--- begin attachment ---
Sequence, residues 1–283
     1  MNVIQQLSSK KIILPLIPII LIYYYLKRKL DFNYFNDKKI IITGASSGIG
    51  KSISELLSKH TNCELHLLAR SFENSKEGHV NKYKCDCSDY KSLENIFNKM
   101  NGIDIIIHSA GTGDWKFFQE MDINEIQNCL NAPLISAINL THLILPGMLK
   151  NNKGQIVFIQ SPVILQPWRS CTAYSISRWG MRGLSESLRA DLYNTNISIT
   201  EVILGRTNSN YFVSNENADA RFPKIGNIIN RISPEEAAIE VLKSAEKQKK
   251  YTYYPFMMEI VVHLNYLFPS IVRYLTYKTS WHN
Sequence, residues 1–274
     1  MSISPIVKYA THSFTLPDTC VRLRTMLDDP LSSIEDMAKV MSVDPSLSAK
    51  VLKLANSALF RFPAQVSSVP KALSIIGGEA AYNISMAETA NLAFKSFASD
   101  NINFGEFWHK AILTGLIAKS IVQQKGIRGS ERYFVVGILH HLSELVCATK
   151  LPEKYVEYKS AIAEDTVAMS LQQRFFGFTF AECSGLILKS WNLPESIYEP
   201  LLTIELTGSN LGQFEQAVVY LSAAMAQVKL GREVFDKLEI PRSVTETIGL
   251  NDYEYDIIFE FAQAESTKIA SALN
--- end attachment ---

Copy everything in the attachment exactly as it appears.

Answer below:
Sequence, residues 1–283
     1  MNVIQQLSSK KIILPLIPII LIYYYLKRKL DFNYFNDKKI IITGASSGIG
    51  KSISELLSKH TNCELHLLAR SFENSKEGHV NKYKCDCSDY KSLENIFNKM
   101  NGIDIIIHSA GTGDWKFFQE MDINEIQNCL NAPLISAINL THLILPGMLK
   151  NNKGQIVFIQ SPVILQPWRS CTAYSISRWG MRGLSESLRA DLYNTNISIT
   201  EVILGRTNSN YFVSNENADA RFPKIGNIIN RISPEEAAIE VLKSAEKQKK
   251  YTYYPFMMEI VVHLNYLFPS IVRYLTYKTS WHN
Sequence, residues 1–274
     1  MSISPIVKYA THSFTLPDTC VRLRTMLDDP LSSIEDMAKV MSVDPSLSAK
    51  VLKLANSALF RFPAQVSSVP KALSIIGGEA AYNISMAETA NLAFKSFASD
   101  NINFGEFWHK AILTGLIAKS IVQQKGIRGS ERYFVVGILH HLSELVCATK
   151  LPEKYVEYKS AIAEDTVAMS LQQRFFGFTF AECSGLILKS WNLPESIYEP
   201  LLTIELTGSN LGQFEQAVVY LSAAMAQVKL GREVFDKLEI PRSVTETIGL
   251  NDYEYDIIFE FAQAESTKIA SALN